Although Ahammad managed to get a basic education, he says it still breaks his heart to see young people getting married at a young age. He blames child marriage for a decline in education standards in his district, which he says has robbed his Yao tribe of its chance to contribute to the development of Malawi.
“It is a source of pain for me that the Yao tribe has become known for illiteracy,” he says. “If we trace history, legends such as John Chilembwe and Masauko Chipembere were of Yao descent. These two gentlemen played a very big role in the history of Malawi. They were educated and intelligent. We should use their example to inspire young people to believe in themselves.”
Advocating for change
UNICEF is working to bring an end to child marriage throughout Malawi. According to the Demographic and Health Survey 2015, almost one in two girls in Malawi (47 per cent) were married before the age of 18. In early 2017, a coalition of UN agencies and NGOs was instrumental in supporting the Government to change the Constitution to raise the minimum age of marriage from 15 to 18 years of age, for both girls and boys.
Since then, UNICEF’s work has focused on ensuring that this political change is implemented on the ground. This includes working with religious groups to identify and annul child marriages, and with local leaders like TA Kapoloma and communities to equip girls and boys with knowledge and skills to reduce the risk of child marriage.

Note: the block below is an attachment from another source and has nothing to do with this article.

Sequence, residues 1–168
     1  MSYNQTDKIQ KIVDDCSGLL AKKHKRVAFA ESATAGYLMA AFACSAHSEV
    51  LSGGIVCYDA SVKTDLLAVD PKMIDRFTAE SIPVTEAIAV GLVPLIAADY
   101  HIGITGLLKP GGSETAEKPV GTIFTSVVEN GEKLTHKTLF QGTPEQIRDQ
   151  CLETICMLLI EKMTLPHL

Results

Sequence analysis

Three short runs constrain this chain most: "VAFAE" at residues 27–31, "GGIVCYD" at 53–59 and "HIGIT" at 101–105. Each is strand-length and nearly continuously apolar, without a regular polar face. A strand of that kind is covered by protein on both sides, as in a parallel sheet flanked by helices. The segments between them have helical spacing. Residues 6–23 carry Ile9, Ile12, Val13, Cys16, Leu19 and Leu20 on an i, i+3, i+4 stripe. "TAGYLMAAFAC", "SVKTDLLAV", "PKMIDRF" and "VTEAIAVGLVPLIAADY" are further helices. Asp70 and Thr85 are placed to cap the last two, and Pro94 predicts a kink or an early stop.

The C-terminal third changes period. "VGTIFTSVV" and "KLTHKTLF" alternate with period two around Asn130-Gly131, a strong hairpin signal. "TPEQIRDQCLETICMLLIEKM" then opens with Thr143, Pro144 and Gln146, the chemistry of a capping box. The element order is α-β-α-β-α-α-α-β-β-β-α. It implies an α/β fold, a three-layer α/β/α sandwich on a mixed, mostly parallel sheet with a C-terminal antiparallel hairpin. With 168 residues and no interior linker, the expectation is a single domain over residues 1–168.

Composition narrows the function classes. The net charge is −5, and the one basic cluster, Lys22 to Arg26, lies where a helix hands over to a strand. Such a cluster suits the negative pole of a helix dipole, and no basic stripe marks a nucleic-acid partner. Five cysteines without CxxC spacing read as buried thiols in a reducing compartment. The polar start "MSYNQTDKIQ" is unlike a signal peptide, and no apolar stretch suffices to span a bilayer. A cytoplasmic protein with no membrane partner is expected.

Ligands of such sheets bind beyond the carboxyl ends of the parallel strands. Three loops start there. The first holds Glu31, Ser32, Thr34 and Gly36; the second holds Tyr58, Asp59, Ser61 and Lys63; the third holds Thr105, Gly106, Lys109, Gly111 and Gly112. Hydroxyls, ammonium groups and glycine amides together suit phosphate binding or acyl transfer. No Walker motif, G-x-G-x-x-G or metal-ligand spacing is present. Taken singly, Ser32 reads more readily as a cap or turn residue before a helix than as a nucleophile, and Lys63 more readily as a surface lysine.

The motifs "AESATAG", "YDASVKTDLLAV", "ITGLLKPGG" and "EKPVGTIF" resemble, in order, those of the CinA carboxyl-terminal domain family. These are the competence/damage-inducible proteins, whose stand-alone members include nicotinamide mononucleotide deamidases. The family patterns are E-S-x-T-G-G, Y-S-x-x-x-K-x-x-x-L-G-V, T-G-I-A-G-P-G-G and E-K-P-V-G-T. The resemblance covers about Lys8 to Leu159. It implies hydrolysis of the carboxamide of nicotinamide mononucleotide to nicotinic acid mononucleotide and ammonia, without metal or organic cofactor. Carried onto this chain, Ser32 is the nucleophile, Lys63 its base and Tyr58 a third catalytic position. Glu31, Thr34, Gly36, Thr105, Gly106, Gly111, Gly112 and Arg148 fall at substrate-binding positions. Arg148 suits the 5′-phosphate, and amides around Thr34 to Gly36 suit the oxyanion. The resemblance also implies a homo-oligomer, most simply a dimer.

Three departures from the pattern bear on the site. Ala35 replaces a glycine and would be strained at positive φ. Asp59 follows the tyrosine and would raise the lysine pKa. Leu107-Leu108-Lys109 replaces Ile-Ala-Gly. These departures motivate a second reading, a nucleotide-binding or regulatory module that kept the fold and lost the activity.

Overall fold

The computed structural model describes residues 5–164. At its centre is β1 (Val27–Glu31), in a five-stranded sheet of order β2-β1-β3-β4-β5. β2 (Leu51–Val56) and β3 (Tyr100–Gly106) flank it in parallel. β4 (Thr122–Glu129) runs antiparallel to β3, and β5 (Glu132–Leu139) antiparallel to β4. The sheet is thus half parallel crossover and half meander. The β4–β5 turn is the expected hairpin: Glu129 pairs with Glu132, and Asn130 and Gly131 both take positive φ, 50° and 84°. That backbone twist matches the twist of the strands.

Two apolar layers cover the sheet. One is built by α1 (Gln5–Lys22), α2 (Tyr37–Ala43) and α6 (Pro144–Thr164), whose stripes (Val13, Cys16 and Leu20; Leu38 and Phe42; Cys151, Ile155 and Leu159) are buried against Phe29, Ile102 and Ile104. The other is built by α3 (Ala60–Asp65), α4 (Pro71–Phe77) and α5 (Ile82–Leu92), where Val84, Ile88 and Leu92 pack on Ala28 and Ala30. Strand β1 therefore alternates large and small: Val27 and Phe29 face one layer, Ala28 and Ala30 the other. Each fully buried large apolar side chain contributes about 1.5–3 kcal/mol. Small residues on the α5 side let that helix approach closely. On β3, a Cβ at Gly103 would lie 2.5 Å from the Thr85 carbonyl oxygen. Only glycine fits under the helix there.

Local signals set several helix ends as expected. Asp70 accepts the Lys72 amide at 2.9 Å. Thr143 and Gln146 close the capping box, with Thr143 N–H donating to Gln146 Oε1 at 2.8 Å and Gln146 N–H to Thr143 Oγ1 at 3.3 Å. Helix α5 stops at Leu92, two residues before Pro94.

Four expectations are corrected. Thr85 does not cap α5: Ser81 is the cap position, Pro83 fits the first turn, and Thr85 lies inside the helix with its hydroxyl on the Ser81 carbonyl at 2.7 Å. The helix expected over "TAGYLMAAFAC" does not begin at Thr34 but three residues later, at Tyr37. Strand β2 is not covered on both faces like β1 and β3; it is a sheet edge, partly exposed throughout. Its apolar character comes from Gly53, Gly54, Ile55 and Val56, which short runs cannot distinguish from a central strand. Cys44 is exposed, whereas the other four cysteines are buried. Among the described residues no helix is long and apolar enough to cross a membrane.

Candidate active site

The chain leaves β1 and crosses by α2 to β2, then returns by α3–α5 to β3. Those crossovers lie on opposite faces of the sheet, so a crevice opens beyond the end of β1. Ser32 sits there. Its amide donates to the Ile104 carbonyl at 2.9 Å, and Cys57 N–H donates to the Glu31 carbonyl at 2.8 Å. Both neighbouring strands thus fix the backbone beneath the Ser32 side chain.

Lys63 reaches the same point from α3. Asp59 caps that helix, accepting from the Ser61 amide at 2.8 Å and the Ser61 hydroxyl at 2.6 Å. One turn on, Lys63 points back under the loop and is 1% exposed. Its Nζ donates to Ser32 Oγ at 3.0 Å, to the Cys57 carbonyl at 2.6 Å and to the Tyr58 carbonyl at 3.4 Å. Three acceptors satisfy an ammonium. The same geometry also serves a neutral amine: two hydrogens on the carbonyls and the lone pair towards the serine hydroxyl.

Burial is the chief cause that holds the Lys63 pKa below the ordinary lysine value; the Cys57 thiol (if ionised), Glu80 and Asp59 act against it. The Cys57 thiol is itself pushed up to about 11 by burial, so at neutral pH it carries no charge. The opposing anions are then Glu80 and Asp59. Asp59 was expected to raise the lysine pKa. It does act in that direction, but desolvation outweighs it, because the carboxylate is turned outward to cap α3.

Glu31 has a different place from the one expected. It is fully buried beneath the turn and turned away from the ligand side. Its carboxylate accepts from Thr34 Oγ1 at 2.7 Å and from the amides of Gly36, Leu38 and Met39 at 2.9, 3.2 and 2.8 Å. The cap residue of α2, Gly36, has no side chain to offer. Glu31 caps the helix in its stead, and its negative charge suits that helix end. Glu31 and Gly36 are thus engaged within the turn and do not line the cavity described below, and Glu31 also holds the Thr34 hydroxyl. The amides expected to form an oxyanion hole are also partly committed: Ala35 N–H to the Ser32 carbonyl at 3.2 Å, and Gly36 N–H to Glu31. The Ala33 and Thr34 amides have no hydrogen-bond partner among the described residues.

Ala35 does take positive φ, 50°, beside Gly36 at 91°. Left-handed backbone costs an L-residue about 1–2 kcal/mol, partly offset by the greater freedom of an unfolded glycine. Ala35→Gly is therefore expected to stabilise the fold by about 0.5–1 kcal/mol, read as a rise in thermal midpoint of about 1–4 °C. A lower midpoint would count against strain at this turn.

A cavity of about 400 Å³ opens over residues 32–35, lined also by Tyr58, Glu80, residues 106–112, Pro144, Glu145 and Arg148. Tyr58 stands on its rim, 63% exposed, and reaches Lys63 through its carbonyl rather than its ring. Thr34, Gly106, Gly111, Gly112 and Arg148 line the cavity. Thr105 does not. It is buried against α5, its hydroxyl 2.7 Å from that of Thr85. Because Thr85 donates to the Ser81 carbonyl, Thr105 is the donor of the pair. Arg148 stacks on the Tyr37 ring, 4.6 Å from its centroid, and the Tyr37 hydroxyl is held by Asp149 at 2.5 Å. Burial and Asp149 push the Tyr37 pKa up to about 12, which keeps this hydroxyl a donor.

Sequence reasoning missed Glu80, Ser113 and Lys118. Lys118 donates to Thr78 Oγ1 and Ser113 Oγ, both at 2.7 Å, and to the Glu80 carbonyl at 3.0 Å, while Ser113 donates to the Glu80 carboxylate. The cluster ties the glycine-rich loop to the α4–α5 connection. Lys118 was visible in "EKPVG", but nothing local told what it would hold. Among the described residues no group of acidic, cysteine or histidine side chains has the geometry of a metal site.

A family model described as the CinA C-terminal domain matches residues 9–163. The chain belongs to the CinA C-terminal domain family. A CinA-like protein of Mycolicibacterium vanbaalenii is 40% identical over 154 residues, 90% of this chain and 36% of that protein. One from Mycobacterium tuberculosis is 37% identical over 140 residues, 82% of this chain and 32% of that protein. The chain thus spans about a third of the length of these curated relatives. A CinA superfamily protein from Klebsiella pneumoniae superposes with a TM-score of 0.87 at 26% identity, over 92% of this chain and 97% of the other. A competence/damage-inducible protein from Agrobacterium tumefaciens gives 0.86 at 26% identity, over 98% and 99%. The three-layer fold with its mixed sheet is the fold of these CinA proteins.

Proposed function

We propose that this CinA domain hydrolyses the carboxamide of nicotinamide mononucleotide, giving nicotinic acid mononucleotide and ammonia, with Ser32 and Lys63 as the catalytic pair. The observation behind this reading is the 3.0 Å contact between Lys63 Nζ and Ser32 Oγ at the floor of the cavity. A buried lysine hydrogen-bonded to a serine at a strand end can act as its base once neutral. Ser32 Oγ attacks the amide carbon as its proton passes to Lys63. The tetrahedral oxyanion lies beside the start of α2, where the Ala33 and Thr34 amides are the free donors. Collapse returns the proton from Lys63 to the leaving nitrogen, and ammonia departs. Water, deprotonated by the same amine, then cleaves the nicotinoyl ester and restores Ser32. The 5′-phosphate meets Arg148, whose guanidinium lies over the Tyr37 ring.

“Child marriage is a violation of children’s rights,” UNICEF Malawi Chief of Child Protection Afrooz Kaviani Johnson says. “It puts girls at greater risk of domestic violence and potential life-threatening health consequences of early pregnancy. They often drop out of school, limiting their education and career prospects.”
“There are already many champions in Malawi, working in their communities to end this damaging practice,” she continues. “We want to amplify their voices so that they can be an inspiration to others.”
In Malawi, traditional chiefs like TA Kapoloma develop local decrees for their areas. To build support for his drive to end child marriage, the Chief consulted widely with other chiefs, including village headmen under his jurisdiction, and the police. They came up with revised local rules that emphasise parents’ responsibility to send their children to school.
“After engaging the other chiefs and communities, we created a new decree,” he explains. “This includes punitive measures towards men who engage in immoral behavior by marrying under aged girls. In these cases, we will take them to court.”
“There are committees within each village who check if the rules are being abided to,” he continues. “If they see a child not going to school, they report this to their chief. If the chief fails to negotiate with the parents to send their children to school, then the issue is brought to me for a final resolution.”
There are still challenges. In particular, he highlights the need for financial support for families like Fatima’s, who take their daughters out of child marriage but then struggle to pay school fees on their own.
For Chief Kapoloma, ending child marriage is just the first step on a journey to improve his community. “My ambition is to see young people in this area dream big and explore the opportunities that education can offer,” he says. “I want to be known as a chief who changed things for the better.”
This story first appeared in the Sunday Times.